Hidden charges: Things you need to budget before buying a house
Once you’ve gone to all the trouble to save the deposit to find your first home, you’ll either be buying something you know needs renovation or a house that is ready to go. It’s the ready to go house that comes with risks, hidden maintenance costs and things you might not have budgeted in to your original amount. Try not to get too worried about looking into the properties inner core for problems, but you need to be sensible. You also need to factor in costs of using a solicitor, a mortgage adviser and any other extra services you plan to use in buying your property.
You can get a really good understanding of surveys through impartial advice websites but information alone might not help you with your individual situation. The temptation can be to go for the biggest survey you can find to check your house isn’t going to cost you too much in maintenance as soon as you move in. This is sensible and can also lower your mortgage in the long run if it turns out the valuation is lower that expected. However, if it reveals your house is in tiptop condition then you’ve spent around £800 on peace of mind. If the property is old that £800 could end up saving you more money than you think.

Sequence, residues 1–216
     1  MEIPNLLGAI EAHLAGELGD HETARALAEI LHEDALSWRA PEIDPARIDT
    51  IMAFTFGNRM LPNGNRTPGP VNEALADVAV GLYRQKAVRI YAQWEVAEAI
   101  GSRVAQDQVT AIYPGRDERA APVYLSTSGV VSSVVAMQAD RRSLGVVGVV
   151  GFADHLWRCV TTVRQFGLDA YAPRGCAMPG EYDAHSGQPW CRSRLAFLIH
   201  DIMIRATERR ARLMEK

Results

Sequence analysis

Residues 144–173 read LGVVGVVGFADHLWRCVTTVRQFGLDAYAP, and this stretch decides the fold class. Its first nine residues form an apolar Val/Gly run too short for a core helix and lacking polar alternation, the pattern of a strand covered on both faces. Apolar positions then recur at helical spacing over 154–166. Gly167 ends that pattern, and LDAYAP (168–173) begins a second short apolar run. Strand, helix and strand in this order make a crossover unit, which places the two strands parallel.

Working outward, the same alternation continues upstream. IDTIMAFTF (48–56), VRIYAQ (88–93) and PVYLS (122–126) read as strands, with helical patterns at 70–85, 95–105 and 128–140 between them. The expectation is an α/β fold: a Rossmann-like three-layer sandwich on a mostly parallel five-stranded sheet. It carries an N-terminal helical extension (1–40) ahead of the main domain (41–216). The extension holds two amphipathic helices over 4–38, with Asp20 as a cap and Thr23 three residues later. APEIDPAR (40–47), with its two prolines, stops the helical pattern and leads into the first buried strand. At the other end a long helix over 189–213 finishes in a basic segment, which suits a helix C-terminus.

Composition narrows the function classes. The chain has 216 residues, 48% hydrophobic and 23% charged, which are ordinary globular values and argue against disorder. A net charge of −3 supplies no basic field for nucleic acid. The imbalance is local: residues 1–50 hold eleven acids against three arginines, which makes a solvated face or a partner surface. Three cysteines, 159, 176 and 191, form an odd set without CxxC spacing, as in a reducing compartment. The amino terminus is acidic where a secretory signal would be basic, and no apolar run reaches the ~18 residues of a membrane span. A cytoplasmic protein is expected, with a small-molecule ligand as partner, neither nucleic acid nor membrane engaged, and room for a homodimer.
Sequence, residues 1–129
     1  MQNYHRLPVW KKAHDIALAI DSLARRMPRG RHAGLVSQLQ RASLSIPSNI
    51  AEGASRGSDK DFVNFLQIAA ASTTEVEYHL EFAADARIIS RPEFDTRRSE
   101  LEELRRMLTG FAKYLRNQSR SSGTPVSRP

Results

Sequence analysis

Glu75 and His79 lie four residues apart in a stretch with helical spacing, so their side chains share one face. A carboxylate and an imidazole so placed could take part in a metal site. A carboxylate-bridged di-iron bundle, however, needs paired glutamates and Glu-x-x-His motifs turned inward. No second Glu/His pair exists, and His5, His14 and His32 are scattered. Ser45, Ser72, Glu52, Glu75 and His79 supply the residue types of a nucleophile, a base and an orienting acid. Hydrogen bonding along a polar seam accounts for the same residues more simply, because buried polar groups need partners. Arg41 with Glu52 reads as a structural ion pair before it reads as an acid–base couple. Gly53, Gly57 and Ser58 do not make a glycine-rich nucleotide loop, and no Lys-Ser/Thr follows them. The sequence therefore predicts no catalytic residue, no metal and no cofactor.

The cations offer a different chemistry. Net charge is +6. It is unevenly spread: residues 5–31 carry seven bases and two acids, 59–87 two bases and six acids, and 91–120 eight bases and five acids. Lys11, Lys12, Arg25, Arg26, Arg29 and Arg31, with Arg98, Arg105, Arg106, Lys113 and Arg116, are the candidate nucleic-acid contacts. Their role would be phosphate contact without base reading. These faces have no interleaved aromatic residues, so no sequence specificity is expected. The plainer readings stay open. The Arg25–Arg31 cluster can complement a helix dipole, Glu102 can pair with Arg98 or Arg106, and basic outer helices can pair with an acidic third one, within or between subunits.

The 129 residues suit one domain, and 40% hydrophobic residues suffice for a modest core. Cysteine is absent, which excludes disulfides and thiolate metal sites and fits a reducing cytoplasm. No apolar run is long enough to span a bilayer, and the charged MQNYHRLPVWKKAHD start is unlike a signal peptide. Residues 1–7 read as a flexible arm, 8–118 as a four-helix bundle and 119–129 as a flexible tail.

Say, for instance, the survey finds that your house is going to need to be re pointed in the near future, you could get a quote for the work required – let’s say £3,000 – and deduct that from the offer you make on the property. That helps to lower your mortgage. So, the conundrum is clear – spend and you could save or spend and just have peace of mind; either way, both results aren’t that bad and more lenders allow you to add the cost of valuation onto your mortgage anyway and pay it off over time.
Obviously this is something you actually need to buy a house. You can’t do it alone. However, you should ask your solicitor to provide a rough projected cost for their services as soon as you begin the conveyance process. You can also ask them to outline any potential problems that could delay the process costing you more money just so you know what to look out for.
This is something that everyone has to pay for when they buy a house – it is paid on land and property transaction in the UK. The rate you’ll pay the tax at varies based on the price of the property and whether it is a commercial or residential building. The Stamp Duty threshold is £125,000 for residential properties and £150,000 for non-residential land and properties. Threshold means below these prices you don’t have to pay the tax. Usually your solicitor will file your return and pay the tax on your behalf on the day of completion and add the amount to their fees so make sure you look into this ahead of billing.